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Larry asks:

I've got a question regarding my own financial planning and then one for a buddy I'm helping become Foolish.

My situation:

I workat a business (I'm also part owner) that offers a SIMPLE plan. A SIMPLE is basically a small business 401k. I can contribute $6,000 annually and the company will match 3% of my salary (+/- $3,000 including bonuses). This is pre-tax money that will be taxed years down the road. Right now I'd planned on putting away $6,000/ year and then putting add'l money towards two Roths - one for my wife and one for me. Would it not be smarter to hold my SIMPLE around $3,000/year, fund the two Roths at $2,000 each, and, THEN, put add'l money in the SIMPLE? This approach would insure us of the Roth's advantages.

Assuming the same rates of return in the SIMPLE and the Roth IRAs, the same marginal tax rates now and in the future, and a full (i.e., $2K each) contribution to the Roth IRAs, then that approach will result in a better payoff for you in retirement due to the tax advantage of the Roth.

My buddy's situation:

He works for a company that was recently purchased by a competitor. His job is safe. He contriubutes to a 401k plan and also to a pension plan. Is it possible/legal to roll a 401k plan to an IRA if the new business offers a 401k? Is it the new company's decision? Can he roll his pension into an IRA with or without converting his existing 401k? The new company does not offer a pension plan. I've convinced him that the Foolish approach will most likely beat the pants off the mutual funds offered by the 401k/ pension plans.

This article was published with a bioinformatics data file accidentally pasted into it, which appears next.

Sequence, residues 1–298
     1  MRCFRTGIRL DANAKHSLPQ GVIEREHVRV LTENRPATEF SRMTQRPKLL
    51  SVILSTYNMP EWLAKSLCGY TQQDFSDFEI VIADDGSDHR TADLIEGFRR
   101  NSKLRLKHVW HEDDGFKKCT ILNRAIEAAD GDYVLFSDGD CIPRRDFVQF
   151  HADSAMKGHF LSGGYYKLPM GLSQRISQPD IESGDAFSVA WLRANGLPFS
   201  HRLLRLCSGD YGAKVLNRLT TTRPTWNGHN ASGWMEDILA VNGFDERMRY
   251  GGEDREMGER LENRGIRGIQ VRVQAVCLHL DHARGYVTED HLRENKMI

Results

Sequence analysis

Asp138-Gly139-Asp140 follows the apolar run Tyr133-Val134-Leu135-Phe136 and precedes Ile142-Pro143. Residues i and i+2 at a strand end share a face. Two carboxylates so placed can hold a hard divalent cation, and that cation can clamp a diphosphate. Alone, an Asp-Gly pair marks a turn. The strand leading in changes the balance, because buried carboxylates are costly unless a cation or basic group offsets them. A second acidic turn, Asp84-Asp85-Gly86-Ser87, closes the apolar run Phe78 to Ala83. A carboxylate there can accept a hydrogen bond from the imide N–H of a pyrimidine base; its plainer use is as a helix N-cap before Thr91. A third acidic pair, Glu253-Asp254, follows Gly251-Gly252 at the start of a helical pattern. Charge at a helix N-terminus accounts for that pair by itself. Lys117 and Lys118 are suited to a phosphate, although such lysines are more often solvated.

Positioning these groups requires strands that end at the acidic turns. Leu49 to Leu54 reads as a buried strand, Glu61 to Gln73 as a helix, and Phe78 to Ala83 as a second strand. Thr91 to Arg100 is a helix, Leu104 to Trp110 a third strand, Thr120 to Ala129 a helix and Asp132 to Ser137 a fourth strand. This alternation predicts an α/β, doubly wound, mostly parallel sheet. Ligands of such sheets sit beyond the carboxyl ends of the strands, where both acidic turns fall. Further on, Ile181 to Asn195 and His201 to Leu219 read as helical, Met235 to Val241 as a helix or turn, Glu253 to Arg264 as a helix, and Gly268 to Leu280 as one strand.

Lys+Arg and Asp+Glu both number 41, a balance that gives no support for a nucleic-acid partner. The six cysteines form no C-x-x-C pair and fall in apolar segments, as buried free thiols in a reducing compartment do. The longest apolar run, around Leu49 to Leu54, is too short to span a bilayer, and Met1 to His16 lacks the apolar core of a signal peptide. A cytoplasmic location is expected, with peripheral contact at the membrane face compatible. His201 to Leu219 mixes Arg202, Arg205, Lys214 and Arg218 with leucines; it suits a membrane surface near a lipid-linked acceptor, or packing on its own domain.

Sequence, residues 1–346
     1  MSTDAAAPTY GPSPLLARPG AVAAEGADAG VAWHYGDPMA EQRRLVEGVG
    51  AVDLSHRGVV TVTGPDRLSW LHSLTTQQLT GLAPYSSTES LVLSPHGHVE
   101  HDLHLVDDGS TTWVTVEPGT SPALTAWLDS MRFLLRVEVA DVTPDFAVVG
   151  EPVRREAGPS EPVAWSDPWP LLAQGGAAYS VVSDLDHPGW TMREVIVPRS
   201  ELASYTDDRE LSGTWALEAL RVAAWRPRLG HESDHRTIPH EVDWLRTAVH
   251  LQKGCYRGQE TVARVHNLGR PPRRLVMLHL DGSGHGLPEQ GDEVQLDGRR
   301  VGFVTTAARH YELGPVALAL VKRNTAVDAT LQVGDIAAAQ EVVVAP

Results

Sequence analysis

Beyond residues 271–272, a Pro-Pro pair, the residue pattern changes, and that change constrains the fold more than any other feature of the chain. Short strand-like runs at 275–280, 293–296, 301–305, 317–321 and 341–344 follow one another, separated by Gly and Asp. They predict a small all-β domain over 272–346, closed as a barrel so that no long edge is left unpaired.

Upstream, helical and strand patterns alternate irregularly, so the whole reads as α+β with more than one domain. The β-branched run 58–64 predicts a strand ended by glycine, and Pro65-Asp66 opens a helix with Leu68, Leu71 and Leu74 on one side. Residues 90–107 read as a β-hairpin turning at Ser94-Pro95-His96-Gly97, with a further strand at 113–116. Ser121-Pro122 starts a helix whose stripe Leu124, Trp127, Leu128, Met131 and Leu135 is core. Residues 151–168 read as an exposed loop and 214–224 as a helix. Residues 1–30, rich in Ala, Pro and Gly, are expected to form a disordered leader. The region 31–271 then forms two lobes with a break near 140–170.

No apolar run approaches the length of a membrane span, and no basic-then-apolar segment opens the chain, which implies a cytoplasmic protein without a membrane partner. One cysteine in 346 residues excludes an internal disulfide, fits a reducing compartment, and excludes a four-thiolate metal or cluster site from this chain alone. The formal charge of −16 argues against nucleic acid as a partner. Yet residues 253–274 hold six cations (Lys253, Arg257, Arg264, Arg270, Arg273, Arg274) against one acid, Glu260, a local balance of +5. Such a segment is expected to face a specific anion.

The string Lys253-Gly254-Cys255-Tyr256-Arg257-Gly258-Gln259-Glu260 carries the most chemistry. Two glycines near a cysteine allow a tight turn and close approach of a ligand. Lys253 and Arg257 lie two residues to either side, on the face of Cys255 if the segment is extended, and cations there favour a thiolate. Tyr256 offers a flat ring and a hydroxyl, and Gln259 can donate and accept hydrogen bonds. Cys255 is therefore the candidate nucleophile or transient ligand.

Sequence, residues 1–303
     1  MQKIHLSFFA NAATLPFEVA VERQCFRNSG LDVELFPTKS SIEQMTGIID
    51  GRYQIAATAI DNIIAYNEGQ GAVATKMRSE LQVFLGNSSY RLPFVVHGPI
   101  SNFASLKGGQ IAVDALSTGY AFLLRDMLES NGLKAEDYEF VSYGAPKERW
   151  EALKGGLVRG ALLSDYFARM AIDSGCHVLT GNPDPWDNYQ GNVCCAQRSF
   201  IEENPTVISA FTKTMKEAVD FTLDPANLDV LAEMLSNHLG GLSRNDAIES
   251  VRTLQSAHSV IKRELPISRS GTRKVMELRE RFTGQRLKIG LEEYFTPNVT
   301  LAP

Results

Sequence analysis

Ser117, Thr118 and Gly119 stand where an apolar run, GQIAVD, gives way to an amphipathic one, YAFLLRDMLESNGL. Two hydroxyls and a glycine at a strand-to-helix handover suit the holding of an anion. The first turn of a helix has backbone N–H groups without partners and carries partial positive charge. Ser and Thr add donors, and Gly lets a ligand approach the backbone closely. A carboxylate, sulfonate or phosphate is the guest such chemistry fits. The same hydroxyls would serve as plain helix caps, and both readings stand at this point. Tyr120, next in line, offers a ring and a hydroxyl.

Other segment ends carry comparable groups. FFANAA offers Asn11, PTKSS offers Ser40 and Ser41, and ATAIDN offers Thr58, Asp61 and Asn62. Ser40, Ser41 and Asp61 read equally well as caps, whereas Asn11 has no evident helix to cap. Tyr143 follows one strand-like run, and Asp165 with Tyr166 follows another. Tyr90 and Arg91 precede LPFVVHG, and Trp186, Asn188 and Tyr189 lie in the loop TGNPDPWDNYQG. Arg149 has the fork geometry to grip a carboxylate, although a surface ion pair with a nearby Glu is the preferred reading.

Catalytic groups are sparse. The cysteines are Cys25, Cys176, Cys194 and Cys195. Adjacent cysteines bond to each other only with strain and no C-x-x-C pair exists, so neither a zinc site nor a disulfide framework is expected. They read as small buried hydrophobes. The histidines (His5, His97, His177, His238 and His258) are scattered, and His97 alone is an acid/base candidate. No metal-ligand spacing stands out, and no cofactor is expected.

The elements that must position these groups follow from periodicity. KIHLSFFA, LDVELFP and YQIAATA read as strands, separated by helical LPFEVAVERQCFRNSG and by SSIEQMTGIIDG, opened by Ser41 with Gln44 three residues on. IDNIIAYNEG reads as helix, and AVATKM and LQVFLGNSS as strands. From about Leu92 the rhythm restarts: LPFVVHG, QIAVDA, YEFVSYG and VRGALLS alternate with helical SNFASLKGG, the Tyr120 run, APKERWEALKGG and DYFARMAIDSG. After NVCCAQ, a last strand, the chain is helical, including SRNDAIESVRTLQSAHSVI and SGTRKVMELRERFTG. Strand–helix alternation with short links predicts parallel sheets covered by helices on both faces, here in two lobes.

In a buyout situation, the new owners will decide what to do with the old retirement plan(s). Your buddy's benefits administrator is in a far better position to answer this question than we are. If the new owners don't continue the old 401k but wish to merge it with their existing plan, then your friend will almost certainly be allowed the opportunity to transfer the old 401k money to an IRA of his choice or to the new 401k plan. If the new owner keeps the old plan, he won't.

The pension plan is more complicated, and again the best folks to ask are the benefits people at his employer. Often, these plans are simply "frozen," meaning they continue in existence with no further accumulation of value until the employee retires. If that's the case, it's unlikely your friend will be able to transfer that money to an IRA until he leaves his job or retires.


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